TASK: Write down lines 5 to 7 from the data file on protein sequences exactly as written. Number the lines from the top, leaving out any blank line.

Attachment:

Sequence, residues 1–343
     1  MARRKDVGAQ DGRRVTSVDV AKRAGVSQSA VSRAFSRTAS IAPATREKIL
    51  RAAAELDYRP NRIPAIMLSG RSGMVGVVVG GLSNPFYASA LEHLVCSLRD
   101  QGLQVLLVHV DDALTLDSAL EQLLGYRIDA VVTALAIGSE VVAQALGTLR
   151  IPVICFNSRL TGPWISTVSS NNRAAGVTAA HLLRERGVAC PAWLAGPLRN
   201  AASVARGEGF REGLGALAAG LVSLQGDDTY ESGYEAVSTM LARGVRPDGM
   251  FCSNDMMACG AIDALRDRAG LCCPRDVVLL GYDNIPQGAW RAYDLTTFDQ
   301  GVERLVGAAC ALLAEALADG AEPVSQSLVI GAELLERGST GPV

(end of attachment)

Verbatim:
   151  IPVICFNSRL TGPWISTVSS NNRAAGVTAA HLLRERGVAC PAWLAGPLRN
   201  AASVARGEGF REGLGALAAG LVSLQGDDTY ESGYEAVSTM LARGVRPDGM
   251  FCSNDMMACG AIDALRDRAG LCCPRDVVLL GYDNIPQGAW RAYDLTTFDQ